Romney Moves Center: Says He Won’t Overturn Obama’s Immigration Order
I wonder if many of the old and new media conservative Republican pundits who lambasted Barack Obama for his immigration order will give Republican nominee Mitt Romney a pass on this one? How much of the past ringing declarations and anger were part of the (tiresome) political chest-beating ritual and how much involved principles that don’t evaporate as soon as you really need to get votes?
After months of dodging the question, Mitt Romney said on Monday night that he would respect the executive action President Barack Obama put into place granting certain groups of undocumented immigrants a reprieve from deportation.
The former Massachusetts governor has steadfastly refused to address the issue, insisting that he would achieve comprehensive reform quickly enough so as to make the Obama policy a moot point. But in a sit-down interview with the Denver Post, Romney went a step further.
“The people who have received the special visa that the president has put in place, which is a two-year visa, should expect that the visa would continue to be valid. I’m not going to take something that they’ve purchased,” Romney said. “Before those visas have expired we will have the full immigration reform plan that I’ve proposed.”
The announcement from Romney is a move toward a less rigid stance on immigration that the candidate has also taken in the past. It also risks offending some of the more ardent anti-immigration voices within his party, some of whom have called the Obama deferred action policy race-baiting. Some members of the party have urged Romney to reverse the policy as president.
Still, there are other Republicans who have argued that it’s a matter of political necessity for Romney to adopt a more open stance on immigration. Obama’s policy was based mainly off of a proposal that Sen. Marco Rubio (R-Fla.) had designed for the Senate.
Romney needs to move to the center and he needs to woo Hispanic voters. But it’s problematical whether he can do it at this late date. And, to be sure, the GOP has been split on this issue with the Marco Rubios, John McCains sounding quite different than some other GOP politicians and new and old media types.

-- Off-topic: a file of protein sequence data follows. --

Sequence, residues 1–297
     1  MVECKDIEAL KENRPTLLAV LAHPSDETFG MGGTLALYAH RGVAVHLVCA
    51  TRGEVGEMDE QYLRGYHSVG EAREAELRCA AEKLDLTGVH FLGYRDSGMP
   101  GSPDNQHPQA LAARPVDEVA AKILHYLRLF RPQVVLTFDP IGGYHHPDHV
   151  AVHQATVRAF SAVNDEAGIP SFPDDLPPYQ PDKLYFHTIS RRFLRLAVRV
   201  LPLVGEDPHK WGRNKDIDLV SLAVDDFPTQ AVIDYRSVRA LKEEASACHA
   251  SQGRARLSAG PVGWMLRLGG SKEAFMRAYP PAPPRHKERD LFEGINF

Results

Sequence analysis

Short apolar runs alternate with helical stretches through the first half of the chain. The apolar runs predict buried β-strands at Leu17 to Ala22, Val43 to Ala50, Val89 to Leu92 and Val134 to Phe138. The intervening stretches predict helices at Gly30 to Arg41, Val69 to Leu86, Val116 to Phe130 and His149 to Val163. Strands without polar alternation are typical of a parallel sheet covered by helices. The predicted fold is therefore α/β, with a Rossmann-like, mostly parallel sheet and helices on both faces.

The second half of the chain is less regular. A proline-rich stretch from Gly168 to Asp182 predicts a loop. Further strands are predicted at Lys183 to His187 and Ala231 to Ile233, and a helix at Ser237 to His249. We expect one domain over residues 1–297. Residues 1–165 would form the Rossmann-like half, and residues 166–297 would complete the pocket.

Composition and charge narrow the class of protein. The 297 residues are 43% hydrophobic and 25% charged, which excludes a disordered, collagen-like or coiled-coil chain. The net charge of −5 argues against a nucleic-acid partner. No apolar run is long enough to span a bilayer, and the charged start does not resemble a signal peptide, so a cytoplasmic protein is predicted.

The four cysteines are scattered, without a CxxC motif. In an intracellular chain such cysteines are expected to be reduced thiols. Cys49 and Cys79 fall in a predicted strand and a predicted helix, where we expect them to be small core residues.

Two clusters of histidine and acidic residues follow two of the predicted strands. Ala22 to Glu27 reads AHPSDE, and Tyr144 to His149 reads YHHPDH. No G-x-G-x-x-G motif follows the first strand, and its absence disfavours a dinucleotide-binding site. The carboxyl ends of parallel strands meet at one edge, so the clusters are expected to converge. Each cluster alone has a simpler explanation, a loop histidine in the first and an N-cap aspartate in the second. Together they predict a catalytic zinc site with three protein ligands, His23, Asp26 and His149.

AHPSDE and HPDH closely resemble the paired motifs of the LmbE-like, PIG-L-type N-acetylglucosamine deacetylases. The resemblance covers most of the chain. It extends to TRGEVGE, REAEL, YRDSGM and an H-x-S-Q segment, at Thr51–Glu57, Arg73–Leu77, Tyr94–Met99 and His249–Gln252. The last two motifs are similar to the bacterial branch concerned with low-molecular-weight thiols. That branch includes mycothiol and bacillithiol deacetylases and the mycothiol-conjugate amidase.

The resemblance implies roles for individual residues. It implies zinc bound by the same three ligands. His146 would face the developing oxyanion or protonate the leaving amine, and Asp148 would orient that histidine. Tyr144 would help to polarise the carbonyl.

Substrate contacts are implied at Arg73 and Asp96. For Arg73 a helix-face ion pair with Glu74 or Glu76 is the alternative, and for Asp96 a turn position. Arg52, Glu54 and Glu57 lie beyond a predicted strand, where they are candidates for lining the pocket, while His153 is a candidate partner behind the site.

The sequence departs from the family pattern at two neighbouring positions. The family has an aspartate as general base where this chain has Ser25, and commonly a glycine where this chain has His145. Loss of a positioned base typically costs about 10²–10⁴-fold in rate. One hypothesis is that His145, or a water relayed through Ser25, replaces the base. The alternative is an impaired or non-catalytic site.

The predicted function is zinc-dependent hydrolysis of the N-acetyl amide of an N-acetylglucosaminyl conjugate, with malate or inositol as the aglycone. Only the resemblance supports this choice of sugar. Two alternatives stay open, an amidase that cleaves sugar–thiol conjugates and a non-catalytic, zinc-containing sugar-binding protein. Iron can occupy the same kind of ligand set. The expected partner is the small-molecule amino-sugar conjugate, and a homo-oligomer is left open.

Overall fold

Reality: the GOP has to adapt to the new landscape and national consensus. Reality: if Republicans were wise they would veer their party towards it.
So again the question will be not “What would Ronald Reagan do” but “What will Rush and Sean say?”
On the eve of the debate? I suspect their comments and outrage will be similar to what happens to a strong conventional wisdom. It’ll be: “Never mind!”
But note the changes:
–Repeal Obamacare day one has now become repeal parts of Obamacare and leave other parts.
–The harsh immigration stance taken during the primaries is being finessed.
*** A Tale of Two Mitts: So, on the one hand, you have Romney saying in recent interviews that he won’t revoke Obama’s executive action on young illegal immigrants, that he’s the “grandfather of Obamacare,” and that he’s empathetic because he was able to get all Massachusetts residents health insurance. But on the other hand, one of us saw — firsthand — all the conservative red meat he gave at his rally in Denver last night. Solyndra. Card check. Keystone. Even a shout-out to Focus on the Family. Indeed, you can see his stump speeches as his play to the base, while his media interviews are his courting of the middle. Perhaps that’s the correct balance, but the courting of the middle is still only VERY recent.